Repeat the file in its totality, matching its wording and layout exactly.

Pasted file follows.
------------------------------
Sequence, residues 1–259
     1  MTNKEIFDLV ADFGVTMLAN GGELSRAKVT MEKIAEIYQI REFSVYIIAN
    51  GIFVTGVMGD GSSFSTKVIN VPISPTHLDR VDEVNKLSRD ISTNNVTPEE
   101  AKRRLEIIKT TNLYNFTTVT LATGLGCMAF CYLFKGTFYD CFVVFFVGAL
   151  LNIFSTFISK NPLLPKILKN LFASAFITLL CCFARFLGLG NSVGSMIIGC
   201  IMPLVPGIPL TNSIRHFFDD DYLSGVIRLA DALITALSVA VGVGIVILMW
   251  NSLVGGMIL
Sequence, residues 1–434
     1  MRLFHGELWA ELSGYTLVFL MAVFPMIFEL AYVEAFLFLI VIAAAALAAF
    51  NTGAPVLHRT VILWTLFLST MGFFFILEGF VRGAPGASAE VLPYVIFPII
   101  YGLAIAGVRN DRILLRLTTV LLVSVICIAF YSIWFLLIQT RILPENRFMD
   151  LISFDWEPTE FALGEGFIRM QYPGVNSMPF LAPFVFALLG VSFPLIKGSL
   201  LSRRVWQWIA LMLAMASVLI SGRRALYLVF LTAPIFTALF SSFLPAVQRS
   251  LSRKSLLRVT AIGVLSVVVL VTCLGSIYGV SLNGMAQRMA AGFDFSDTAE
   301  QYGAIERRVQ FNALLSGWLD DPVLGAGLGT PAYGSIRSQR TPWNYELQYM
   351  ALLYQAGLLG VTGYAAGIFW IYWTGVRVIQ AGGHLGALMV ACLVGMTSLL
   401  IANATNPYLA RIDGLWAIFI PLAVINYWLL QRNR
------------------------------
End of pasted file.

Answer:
Sequence, residues 1–259
     1  MTNKEIFDLV ADFGVTMLAN GGELSRAKVT MEKIAEIYQI REFSVYIIAN
    51  GIFVTGVMGD GSSFSTKVIN VPISPTHLDR VDEVNKLSRD ISTNNVTPEE
   101  AKRRLEIIKT TNLYNFTTVT LATGLGCMAF CYLFKGTFYD CFVVFFVGAL
   151  LNIFSTFISK NPLLPKILKN LFASAFITLL CCFARFLGLG NSVGSMIIGC
   201  IMPLVPGIPL TNSIRHFFDD DYLSGVIRLA DALITALSVA VGVGIVILMW
   251  NSLVGGMIL
Sequence, residues 1–434
     1  MRLFHGELWA ELSGYTLVFL MAVFPMIFEL AYVEAFLFLI VIAAAALAAF
    51  NTGAPVLHRT VILWTLFLST MGFFFILEGF VRGAPGASAE VLPYVIFPII
   101  YGLAIAGVRN DRILLRLTTV LLVSVICIAF YSIWFLLIQT RILPENRFMD
   151  LISFDWEPTE FALGEGFIRM QYPGVNSMPF LAPFVFALLG VSFPLIKGSL
   201  LSRRVWQWIA LMLAMASVLI SGRRALYLVF LTAPIFTALF SSFLPAVQRS
   251  LSRKSLLRVT AIGVLSVVVL VTCLGSIYGV SLNGMAQRMA AGFDFSDTAE
   301  QYGAIERRVQ FNALLSGWLD DPVLGAGLGT PAYGSIRSQR TPWNYELQYM
   351  ALLYQAGLLG VTGYAAGIFW IYWTGVRVIQ AGGHLGALMV ACLVGMTSLL
   401  IANATNPYLA RIDGLWAIFI PLAVINYWLL QRNR